Elsewhere in the eighteenth century, William Ransom (aka the Duke of Ellesmere, aka Jamie's secret biological son and Lord John's adoptive son) has taken a commission in the British army and is doing a bit of intelligence work... which mostly seems to result in getting robbed or losing documents... and then losing his way and nearly dying. Unsurprisingly, this intelligence-collecting and eagerness to see battle eventually leads to his path crossing with that of his unknown father (to whom he bears a very striking resemblance). Part of Jamie's reason for wanting to be in Scotland was so that he might avoid meeting his son on the battlefield... which we all know is going to happen sooner or later, no matter what he does. William's presence at least means that we get to see a great deal of Lord John Grey, who is trying to do a bit of intelligence work himself, though mostly of the informal variety. Via letters, William also seems intent on convincing his father that he's in love with his cousin, Dottie, but John's a bit suspicious on this count and he wonders what these kids are hiding. Before returning to the colonies to locate his injured nephew (William's cousin and Dottie's injured brother) and supposedly deliver Dottie into the arms of her betrothed, William, John pops over to Europe to do some work and even there, he can't seem to escape Jamie Fraser, whose name pops up more than once. (It does make one wonder how the fellow isn't more prominently featured in the history books if he winds up having a finger in every pie.) As far as the rest of the Fraser family is concerned, Fergus is potentially being tracked by an English/French fellow going by the name of Beauchamp (and Claire is curious if she's found an ancestor of her own) who might have information about his parentage (remember that Fergus was born and raised in a brothel in Paris). Ian Murray (and perhaps William, too) has fallen for a Quaker girl named Rachel, whose religion forbids violence and therefore probably wouldn't look kindly on a potential union with a Catholic turned Mohawk warrior. Meanwhile, we also have the "modern" time to deal with -- Roger and Brianna went back to the modern world so that they might save the life of their daughter, Amanda, who required an operation that Claire could never have managed in eighteenth century conditions. They spent a year in Boston for Amanda's surgery/recovery and then moved back to Scotland, purchasing Jamie's ancestral home of Lallybroch. At the end of the last novel, the two discovered an old case that was preserved in Roger's uncle's effects... which has instructions that it should only be passed down and opened by a Jeremiah MacKenzie, aka little Jemmy. It turns out to be letters from Claire and Jamie, which Brianna and Roger decide to open very slowly rather than devour all at once... because once they've finished reading them, then the idea of her parents being dead and gone will be too real. Their own lives are starting to gain traction: Brianna has just gotten a job, Roger's started teaching classes and is writing a time-traveler guidebook for the kids, and the family is starting to settle in to a nice existence... so you know that it all has to go wrong pretty quickly, right?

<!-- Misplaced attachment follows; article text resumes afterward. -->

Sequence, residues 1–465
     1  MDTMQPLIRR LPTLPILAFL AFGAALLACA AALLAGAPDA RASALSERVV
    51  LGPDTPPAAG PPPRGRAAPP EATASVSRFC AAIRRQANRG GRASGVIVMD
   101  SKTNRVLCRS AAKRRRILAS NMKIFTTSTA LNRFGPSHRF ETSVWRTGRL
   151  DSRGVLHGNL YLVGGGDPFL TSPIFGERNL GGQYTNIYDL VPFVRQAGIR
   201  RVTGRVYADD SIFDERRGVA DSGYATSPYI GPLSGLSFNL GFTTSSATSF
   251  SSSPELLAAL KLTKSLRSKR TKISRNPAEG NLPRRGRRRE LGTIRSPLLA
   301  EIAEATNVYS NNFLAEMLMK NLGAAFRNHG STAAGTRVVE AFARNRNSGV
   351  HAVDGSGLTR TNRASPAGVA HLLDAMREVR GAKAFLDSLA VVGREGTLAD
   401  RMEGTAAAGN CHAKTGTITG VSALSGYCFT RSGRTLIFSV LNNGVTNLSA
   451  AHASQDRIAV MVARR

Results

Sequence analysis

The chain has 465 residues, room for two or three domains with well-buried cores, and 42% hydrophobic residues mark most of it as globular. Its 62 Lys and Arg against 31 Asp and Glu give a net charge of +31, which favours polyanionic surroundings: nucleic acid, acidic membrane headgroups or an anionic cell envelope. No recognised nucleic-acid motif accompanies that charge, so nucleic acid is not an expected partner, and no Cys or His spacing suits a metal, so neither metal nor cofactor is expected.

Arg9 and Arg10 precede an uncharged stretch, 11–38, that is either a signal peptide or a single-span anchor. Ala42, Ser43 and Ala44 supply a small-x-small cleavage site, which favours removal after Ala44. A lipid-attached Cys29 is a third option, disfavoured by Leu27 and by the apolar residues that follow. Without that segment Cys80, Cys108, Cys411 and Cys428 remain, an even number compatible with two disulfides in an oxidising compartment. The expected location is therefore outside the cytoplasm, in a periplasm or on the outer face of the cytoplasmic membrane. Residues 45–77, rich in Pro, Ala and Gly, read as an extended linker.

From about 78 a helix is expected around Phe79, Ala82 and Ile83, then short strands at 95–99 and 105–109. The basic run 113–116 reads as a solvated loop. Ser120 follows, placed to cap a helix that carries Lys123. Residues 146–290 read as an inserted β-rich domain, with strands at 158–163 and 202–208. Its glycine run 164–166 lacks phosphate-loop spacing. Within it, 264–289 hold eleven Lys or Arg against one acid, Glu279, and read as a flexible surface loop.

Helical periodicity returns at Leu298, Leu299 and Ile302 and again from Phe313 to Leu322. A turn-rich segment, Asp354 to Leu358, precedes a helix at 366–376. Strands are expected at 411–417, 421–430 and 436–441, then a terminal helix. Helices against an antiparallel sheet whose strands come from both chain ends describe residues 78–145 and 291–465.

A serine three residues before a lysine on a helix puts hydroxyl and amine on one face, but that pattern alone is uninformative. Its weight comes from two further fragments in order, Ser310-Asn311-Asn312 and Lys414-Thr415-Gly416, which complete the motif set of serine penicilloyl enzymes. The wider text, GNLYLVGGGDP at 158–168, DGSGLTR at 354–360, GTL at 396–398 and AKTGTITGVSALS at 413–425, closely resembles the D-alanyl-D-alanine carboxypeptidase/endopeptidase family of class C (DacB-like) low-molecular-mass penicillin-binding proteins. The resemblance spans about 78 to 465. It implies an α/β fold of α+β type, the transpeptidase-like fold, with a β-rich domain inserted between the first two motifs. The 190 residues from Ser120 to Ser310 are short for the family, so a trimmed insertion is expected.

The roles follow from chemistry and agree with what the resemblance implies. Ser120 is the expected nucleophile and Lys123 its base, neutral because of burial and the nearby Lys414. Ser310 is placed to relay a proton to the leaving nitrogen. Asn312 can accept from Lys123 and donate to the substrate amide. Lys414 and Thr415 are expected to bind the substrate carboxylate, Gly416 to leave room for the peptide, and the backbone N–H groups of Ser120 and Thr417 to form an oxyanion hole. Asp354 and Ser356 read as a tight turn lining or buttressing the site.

Now, normally so much happens within a Gabaldon novel that the reader is quite carried away by events; in An Echo in the Bone, I was surprised that things didn't seem to move with the same amount of speed, save for choice incidents that then felt incredibly awkward and rushed before being cut off. Action would occur in a burst of speed, often requiring me to re-read a passage as I was left with the impression that something had been left out. And indeed, Gabaldon did leave quite a lot out, opting to cut off an action sequence somewhere in the middle and then skip ahead, leaving us to infer the results of the action or have the holes filled in slowly by off-hand details later on. I found myself feeling annoyed several times as a result of this and I wonder if someone wasn't begging her to pick up the pace and stop explaining things... but if so, she went too far and really should have taken a bit more time. Perhaps this is a result of the incredibly fractured nature of this novel... we're dealing with a very large cast of characters, spread across time and space, so we have to keep jumping around... though it didn't feel like this was happening more in this book as opposed to others... just that it didn't seem as fluid. It's also possible that Gabaldon felt that similar scenes had been depicted previously in her novels and so why risk repeating herself? Just the same, I would have preferred more detail to bridge the gap between near-action and results of action... otherwise, we just feel like we're being hurried along.